My most favorite summer salad is the 1970s Seven Layer Salad that many believe originated in the Deep South!  I’ve never known exactly where the Deep South is, so I’m just claiming it as a Deep Southern Illinois family reunion and church supper invention, although I doubt that is true!   I associate this salad with Watergate, because I remember seeing it in a women’s magazine featured alongside the popular Watergate Cake and Watergate Salad, both of which were made with instant pistachio pudding.  That’s a story for another day’s column!  

Normally the layered salad is made in a big clear glass bowl, so you can see the layers, but I’ve made mine in canning jars.  The canning jar salad craze is upon us and smart brown bag lunch takers have learned that they can make 5 salads on Sunday afternoon for each day of the upcoming week.  There’s just something about the jar and the tight sealing lid that makes the salads stay perfectly fresh for a week.   Any salad works, but I’ve made my favorite, which has more than seven layers!

The Good Food: Local cooking classes are going beautifully.  My team members love working with the children who seem to be soaking up their lessons about nutrition.  Our adult students are having a good time, too.  We’ve made all kinds of unique recipes including Cream of Radish Soup and Cabbage Fritters.  I’ll share those recipes later in a book we plan to compile that will feature our most popular classroom recipes.

Hope you’ll try at least one of these summertime salad favorites.  With exception of the eggs, meat and avocado in this variety of salad recipes, all the ingredients came from the Farmers’ Market.  Everything is local and good!

Here are the Recipes!

Cobb Salad

You can use any salad greens you’d like, but a combination of iceberg lettuce and Romaine lettuce offers perfect crunch.  Top a layer of greens with chopped tomatoes, crumbled fried bacon, chunks of boiled chicken breast, a hard-boiled egg, slices of avocado, mild onions, green pepper chunks and Roquefort or Bleu cheese chunks.   I’ve substituted deli style roast turkey breast in my salad.    The original salad had a big sprinkling of chives, but my recipe puts the chives in the homemade dressing.   The proper way to assemble the salad is to put the greens on a shallow bowl or platter and arrange rows of the ingredients, covering all the lettuce.  Toss the salad with the dressing when you are ready to serve it.

Top your salad with a good drizzle of Red Wine Vinaigrette.   Make the dressing by whisking together ¼ cup red wine vinegar, 3 Tablespoons fresh lemon juice, 3 Tablespoons honey, 2 Tablespoons chopped chives, several grinds of black pepper and ½ cup of olive oil. 

Panzanella, Debbie’s Style  

4 cups quartered red tomatoes
2 cups cucumber chunks
2 cups thin slices of a sweet onion
1 cup sweet bell pepper chunks
1 cup Kalamata olives
1 heaping Tablespoon capers
1 cup loosely packed basil leaves
4 cups of big chunks of sourdough bread

The trick to making this salad really good is to use old bread, and if you bread isn’t at least 3 days old, it will turn to mush!  You can dry it out in the oven by baking it at 350 degrees for about 10 minutes or you can grill your chunks of bread after you drizzle it with oil.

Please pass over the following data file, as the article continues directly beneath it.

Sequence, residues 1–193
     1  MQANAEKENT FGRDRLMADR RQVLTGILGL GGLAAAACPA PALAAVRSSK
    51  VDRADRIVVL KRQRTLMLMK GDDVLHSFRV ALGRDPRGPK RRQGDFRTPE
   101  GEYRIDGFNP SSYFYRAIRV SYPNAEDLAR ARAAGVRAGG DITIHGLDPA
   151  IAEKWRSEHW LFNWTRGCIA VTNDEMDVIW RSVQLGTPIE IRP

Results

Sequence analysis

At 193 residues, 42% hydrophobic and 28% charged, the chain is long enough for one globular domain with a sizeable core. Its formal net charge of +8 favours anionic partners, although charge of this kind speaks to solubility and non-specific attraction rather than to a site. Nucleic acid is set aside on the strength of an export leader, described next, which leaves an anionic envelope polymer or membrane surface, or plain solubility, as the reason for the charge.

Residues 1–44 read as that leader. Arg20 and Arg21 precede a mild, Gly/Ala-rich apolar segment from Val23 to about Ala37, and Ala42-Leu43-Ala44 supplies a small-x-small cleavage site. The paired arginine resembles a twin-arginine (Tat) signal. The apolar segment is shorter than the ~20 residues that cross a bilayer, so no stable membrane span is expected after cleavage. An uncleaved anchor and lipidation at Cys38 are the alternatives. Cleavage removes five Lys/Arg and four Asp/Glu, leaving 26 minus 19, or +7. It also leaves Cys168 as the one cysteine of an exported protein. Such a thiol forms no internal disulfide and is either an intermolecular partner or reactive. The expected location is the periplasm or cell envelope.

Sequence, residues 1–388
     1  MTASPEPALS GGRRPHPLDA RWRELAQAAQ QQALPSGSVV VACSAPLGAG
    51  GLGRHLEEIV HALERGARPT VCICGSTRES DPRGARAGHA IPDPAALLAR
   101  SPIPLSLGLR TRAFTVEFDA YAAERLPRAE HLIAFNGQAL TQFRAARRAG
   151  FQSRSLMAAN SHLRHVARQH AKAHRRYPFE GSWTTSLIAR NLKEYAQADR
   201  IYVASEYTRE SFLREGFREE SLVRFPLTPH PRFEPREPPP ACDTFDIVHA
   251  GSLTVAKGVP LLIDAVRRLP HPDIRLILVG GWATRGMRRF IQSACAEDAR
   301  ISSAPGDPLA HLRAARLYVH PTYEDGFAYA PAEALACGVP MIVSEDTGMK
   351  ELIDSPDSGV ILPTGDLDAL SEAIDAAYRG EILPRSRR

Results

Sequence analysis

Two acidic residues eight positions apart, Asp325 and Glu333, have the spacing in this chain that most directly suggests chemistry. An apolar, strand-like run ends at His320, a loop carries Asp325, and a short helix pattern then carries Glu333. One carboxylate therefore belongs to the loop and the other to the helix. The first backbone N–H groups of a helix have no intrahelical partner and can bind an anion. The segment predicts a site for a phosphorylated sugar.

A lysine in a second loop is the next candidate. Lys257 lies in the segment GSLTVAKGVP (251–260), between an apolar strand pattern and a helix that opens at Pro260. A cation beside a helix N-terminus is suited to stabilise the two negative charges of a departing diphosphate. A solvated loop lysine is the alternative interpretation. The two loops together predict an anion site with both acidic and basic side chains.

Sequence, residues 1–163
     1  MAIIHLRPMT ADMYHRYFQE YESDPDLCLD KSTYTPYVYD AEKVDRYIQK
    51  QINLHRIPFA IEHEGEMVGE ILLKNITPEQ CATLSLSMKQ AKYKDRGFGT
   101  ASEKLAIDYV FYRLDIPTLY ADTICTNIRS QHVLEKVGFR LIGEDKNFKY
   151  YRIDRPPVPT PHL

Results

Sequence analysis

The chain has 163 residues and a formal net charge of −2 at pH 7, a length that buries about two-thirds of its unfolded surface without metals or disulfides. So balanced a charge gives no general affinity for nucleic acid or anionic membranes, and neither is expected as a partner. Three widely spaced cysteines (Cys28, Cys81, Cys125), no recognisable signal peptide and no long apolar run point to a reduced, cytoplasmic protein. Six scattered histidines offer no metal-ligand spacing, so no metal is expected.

Make the salad dressing by combining 1 teaspoon minced garlic with ½ cup Kalamata olive oil with 2 Tablespoons of white wine vinegar.   Add salt and pepper to taste, but you can add as much as a teaspoon of artisan’s salt and several grinds of black pepper.   Pour the dressing on the salad and let all of it sit out and come to room temperature. 

Some recipes suggest soaking the bread in water, then squeezing it out before you add it to the salad.   I skip that step, but I drizzle my bread crumbs with additional olive oil and sprinkle it with salt and pepper.  Sometimes I drizzle it with the oil from sundried tomatoes or from roasted red peppers.  I also like to grill my bread chunks and add them just before serving the salad.   Letting the salad sit to come to room temperature will also allow the vegetables to generate juices that will mix beautifully with the salad dressing.  The purpose of the bread is to soak up all that savory liquid.

Seven Layer Salad Plus

Yes, there are more than seven layers in this salad!  In order to make certain that the onion and bacon flavors flow through the whole salad, layer your ingredients from the bottom in this order:

Chopped iceberg lettuce
Thinly sliced radishes
Chopped green pepper
Chopped cauliflower
Chopped red tomatoes
Frozen green peas
Thinly sliced peeled cucumber
Sliced hard boiled eggs
Chopped green onions
Crumbled fried bacon
Mayonnaise topping
Shredded cheddar cheese

Before using, thaw the peas by rinsing them under cold water.  When you fry the bacon, save the bacon grease to make the mayonnaise topping.    Make the mayonnaise topping by combining 2 cups of mayonnaise, ½ cup of sugar and the drippings from frying 6 to 8 strips of bacon.   Layer the salad following this list; spread the topping all over it; and top it all with cheddar cheese.  Cover the salad and refrigerate overnight for the best flavors.  The mayonnaise will drip down into the first few layers of salad and makes a flavorful combination of summertime vegetables.

See a series of my cooking columns at The Murphysboro American.

I'll be sharing this post with a few parties this week.  Make sure you click through and join in the fun!

February's Family Sunday Dinner

Christmas 2020

Mary Queen of Scots Dinner Menu Booklet

Grandma Debbie's Christmas 2018

Grandma's Blue & Green Pupkins!

Autumn at Grandma Debbie's